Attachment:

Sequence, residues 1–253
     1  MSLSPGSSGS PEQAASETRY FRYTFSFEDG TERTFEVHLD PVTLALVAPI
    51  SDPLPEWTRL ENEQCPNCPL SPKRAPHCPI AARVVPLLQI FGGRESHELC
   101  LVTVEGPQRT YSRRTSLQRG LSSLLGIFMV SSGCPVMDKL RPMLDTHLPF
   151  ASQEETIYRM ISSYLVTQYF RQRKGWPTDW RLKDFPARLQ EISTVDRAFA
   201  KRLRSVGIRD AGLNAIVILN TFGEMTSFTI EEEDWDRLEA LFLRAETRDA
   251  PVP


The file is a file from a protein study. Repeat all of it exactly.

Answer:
Sequence, residues 1–253
     1  MSLSPGSSGS PEQAASETRY FRYTFSFEDG TERTFEVHLD PVTLALVAPI
    51  SDPLPEWTRL ENEQCPNCPL SPKRAPHCPI AARVVPLLQI FGGRESHELC
   101  LVTVEGPQRT YSRRTSLQRG LSSLLGIFMV SSGCPVMDKL RPMLDTHLPF
   151  ASQEETIYRM ISSYLVTQYF RQRKGWPTDW RLKDFPARLQ EISTVDRAFA
   201  KRLRSVGIRD AGLNAIVILN TFGEMTSFTI EEEDWDRLEA LFLRAETRDA
   251  PVP